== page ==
Captain Lawrence Brewing, based on the East Coast of USA have a core range of six ales, including their 'normal' Effortless Session IPA and this, their Grapefruit infused version.

I had never heard of the brewery before spotting this beer in the can fridge at The Leopold Tavern in Southsea, but as we're in the final throws of a cracking summer how could I refuse a drink that features a sunglasses wearing hop on the packaging?!?

It pours a pleasing rich yellow with an aggressive, albeit slightly sticky, head.

As you inhale the aroma deeply the grapefruit hits you smack in the face; this is no subtle partnership. But that being said, its a very natural citrus aroma and is definitely appealing.

On tasting, the grapefruit continues and develops into something a little more 'pithy' in it's bitterness, however the malts that peek through here do help to balance the flavour somewhat.

The aftertaste is very tart, leaving your mouth refreshed and ready to go.

Overall I think Captain Lawrence have turned out something very drinkable; the grapefruit, whilst bold and unashamed, tastes very natural and they've clearly got a very good IPA to mix with it.

It's done a pretty good job of whetting my appetite for Grapefruit infused beers so I'll definitely be willing to give some more a go.







Neck Oil by Beavertown

Monday, 5 September 2016
Neck Oil by Beavertown
Monday, 5 September 2016

Beer Name: Neck Oil

Brewer: Beavertown, London, England

Date Sampled: 5th September 2016

ABV: 4.3%

Serving Type: Can

Location Sampled: Home

I'm starting this with a confession; this isn't really a review. I say that as I don't think you can call it a review when you know that you're about to drink one of your favourite all time beers!

Beavertown are a brewery that most UK beer lovers will be familiar with; they have got a winning combination of brilliant beers and quirky yet distinctive branding, as well as an effective social media presence (there is no denying that instagram and twitter are great friends to modern brewers).

I first tasted one of their beers in the Meat and Barrel in Southsea. At that time I was just dipping my toe into the world of Craft Beers and as I was already aware of the buzz around American Pale Ales I took on a pint of Gamma Ray. Wow! I wasn't sure what I was tasting at that time but I knew I liked it.

Since then, purely due to the diverse range of beers available, I haven't sampled too many of their other offerings. However on a recent trip to Brighton I was given a pint of Neck Oil and I was hooked. Beavertown describe it as their "every day, all day, easy drinking, go to IPA" and they've summed it up perfectly. They don't claim to have produced the most complicated or exotic beer in the world, but what they have done is created what I believe to be one of the best Session IPAs I've ever tasted.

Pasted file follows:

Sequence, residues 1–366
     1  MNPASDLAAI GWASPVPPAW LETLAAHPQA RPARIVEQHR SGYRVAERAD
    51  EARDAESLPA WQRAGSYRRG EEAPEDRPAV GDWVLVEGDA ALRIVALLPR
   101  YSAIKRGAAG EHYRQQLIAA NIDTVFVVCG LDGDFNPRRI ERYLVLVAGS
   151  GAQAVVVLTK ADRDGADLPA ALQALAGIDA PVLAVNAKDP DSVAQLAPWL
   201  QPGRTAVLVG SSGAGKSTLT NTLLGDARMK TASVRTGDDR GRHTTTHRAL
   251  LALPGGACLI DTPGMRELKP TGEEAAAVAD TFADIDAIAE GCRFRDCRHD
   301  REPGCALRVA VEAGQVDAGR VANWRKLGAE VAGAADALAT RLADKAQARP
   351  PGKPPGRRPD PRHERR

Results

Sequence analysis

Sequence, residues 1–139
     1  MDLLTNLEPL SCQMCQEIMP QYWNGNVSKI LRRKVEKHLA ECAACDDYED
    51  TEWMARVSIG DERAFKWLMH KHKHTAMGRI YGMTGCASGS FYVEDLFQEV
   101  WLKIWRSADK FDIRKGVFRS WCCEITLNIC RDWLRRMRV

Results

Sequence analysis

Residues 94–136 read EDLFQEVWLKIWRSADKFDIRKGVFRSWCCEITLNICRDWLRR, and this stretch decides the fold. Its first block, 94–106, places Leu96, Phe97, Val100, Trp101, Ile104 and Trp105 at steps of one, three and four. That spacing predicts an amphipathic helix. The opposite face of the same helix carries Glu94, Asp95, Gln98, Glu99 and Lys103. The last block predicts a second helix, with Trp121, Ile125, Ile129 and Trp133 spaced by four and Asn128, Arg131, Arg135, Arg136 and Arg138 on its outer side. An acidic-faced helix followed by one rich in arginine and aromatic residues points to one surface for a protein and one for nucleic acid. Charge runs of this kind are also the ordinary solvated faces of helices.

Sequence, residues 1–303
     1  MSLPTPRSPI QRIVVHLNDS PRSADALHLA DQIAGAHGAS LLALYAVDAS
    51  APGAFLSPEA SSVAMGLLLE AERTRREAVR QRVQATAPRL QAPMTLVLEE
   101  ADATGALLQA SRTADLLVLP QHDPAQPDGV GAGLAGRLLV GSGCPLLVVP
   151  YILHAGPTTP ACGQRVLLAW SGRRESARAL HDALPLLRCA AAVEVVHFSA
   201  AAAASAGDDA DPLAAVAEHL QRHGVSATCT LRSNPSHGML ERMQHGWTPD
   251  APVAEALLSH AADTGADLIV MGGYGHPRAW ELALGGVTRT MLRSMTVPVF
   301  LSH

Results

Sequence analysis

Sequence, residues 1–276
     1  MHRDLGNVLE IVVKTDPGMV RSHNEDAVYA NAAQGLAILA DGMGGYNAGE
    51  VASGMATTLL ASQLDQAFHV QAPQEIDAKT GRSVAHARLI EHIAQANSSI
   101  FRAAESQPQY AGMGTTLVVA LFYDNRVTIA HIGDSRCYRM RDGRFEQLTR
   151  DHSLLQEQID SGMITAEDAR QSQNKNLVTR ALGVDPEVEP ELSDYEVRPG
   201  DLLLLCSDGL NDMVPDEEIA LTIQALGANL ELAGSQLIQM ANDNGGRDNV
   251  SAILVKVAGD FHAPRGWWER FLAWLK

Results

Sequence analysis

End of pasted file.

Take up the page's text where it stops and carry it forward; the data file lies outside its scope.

From a can it pours a light straw colour with a small frothy head that disappears quickly. It has a floral hoppy nose and when you sip it you get a lovely malty flavour with a bitterness coming through. There is a hint of grapefruit somewhere in the background, but as opposed to some of the American Pale Ales that I've been trying recently, that grapefruit is in the background only, offering a lovely freshness to the beer that makes Neck Oil eminently drinkable.

I have a number of friends that are lager drinkers only (yep, I am still friends with them) and Neck Oil is a beer that I wouldn't hesitate to recommend to them as an entry into the wonderful world of ale.











High Wire by Magic Rock Brewing

Thursday, 1 September 2016
High Wire by Magic Rock Brewing
Thursday, 1 September 2016

 Beer Name: High Wire

Brewer: Magic Rock Brewing, Hudersfield, England

Date Sampled: 1st September 2016

ABV: 5.5%

Serving Type: Can

Location Sampled: Home

So this is the second Magic Rock beer that I've sampled (my review of their Salty Kiss can be found here) and it's another can that I picked up from the Can and Bottle fridge at the Leopold Tavern in Southsea.

Once again, the design is unmistakably Magic Rock, this time with a definite Circus theme rippling through the familiar looking monsters across the front of the can.

This West Coast Style Pale Ale is part of Magic Rock's core range, comes in either cask, keg or can and should be one that you'll stumble across sooner or later if you drink in the right sort of places.

It's only lightly carbonated however, with an aggressive pour, it does produce a satisfying and enticing head and the beer itself is a cloudy orange colour.

The nose is all grapefruit; with your eyes shut you could almost be about to dive into one of those virtuous breakfasts that seem to only really exist in magazine and TV adverts.

But thankfully this isn't breakfast (if it is you probably need to ask yourself some serious questions), so rather than dipping your spoon into a piece of fruit wishing that you'd ordered the Full English, you get to drink a rather pleasing Pale Ale.

The taste continues down the same citrus path that the aroma first took you down, although there is hint of 'just-ripe pineapple' sweetness nipping at your heals, along with a suggestion of floral hoppiness.

The finish however is all grapefruit, leaving your mouth refreshed and ready for more.

It's not the most complicated beer in the world, but it doesn't need to be. It is a great representation of a West Coast Pale Ale and is another example of Magic Rock getting it right.